By Eyanir Chinea and Diego Ore
CARACAS (Reuters) - Venezuela's opposition said it agreed to attend exploratory talks on Tuesday with President Nicolas Maduro's government in a bid to end the country's worst political unrest for a decade.
Clashes between security forces and pro-government militants on one side and hooded opposition demonstrators blocking streets on the other have killed at least 39 people since mid-February.
Foreign ministers from the regional Union of South American Nations (Unasur) are in the capital Caracas, shuttling between meetings with the administration and opposition and seeking to persuade both sides to talk.
Ramon Guillermo Aveledo, a top opposition official, said the Unasur ministers told them the government was open to opposition demands, including the presence of a "good faith" mediator at any substantive discussions.
"We accept the foreign ministers' proposal to hold an exploratory, preparatory meeting to agree the conditions, date and time for public dialogue," Aveledo told reporters.
As a condition for talks, the opposition has demanded they be broadcast live. It also wants freedom for what it calls "political prisoners" arrested since the start of the unrest, and the disbanding of armed pro-government militant groups.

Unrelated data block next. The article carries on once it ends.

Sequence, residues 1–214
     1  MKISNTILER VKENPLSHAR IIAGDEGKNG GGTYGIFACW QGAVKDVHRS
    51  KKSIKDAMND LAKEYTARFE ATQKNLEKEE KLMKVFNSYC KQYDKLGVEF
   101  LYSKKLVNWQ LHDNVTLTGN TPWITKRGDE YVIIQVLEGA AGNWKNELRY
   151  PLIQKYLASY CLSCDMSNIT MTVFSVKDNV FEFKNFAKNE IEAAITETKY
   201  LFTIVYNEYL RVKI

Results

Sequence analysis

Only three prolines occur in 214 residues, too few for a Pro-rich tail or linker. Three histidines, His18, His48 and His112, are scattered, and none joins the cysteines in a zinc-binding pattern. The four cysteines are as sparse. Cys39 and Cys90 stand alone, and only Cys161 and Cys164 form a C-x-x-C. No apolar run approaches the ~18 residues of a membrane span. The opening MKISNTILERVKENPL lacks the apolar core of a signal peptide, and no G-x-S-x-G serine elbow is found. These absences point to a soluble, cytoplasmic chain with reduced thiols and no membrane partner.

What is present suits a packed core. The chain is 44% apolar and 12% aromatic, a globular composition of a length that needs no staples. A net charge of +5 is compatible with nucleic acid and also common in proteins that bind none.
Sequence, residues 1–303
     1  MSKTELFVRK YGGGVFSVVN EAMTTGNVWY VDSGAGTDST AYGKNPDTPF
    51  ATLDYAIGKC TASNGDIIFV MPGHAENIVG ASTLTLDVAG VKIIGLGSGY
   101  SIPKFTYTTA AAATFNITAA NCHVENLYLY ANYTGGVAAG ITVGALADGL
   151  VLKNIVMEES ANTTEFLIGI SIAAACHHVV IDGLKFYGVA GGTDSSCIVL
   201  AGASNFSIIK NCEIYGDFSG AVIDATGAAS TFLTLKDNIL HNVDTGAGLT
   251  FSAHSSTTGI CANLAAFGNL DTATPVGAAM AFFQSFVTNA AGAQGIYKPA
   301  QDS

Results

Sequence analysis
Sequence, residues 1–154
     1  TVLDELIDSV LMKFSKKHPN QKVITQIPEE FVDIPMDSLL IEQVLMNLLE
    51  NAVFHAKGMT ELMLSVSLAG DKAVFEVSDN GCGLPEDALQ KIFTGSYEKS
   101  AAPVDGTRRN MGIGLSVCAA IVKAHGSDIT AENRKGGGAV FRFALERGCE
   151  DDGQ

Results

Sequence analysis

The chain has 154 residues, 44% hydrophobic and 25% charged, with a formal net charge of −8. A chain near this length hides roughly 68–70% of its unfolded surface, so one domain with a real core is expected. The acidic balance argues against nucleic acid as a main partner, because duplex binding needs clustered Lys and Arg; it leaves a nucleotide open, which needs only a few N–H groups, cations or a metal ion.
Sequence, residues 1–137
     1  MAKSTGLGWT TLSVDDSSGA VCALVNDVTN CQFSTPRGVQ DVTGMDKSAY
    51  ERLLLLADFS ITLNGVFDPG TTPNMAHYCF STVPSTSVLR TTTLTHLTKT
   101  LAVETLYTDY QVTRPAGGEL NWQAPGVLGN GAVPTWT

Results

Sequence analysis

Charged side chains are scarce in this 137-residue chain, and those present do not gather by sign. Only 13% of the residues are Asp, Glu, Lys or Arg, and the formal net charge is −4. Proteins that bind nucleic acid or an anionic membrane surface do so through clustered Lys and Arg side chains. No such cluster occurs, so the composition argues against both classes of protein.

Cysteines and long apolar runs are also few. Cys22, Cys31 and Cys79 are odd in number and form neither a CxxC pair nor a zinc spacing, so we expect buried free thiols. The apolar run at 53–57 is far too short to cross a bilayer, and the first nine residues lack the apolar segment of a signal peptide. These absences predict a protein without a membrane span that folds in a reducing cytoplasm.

Maduro said late on Monday he was ready to meet opposition leaders and that he had been suggesting talks in public or in private for weeks. But he said his foes rejected the offers.
Ricardo Patino, Ecuador's foreign minister, welcomed the decision to hold a preparatory meeting and said he hoped it would result in an agreement to hold weightier talks.
Venezuelan media said Maduro would attend the discussions, due to take place at the Foreign Ministry.
Protesters are calling for Maduro to resign and complain about a litany of problems from rampant crime to food shortages. The government says they are seeking a coup like the one in 2002 that briefly toppled Maduro's late predecessor, Hugo Chavez.
The fatalities have included supporters of the government, opposition protesters and several members of security forces.
(Writing by Daniel Wallis; Editing by Cynthia Osterman)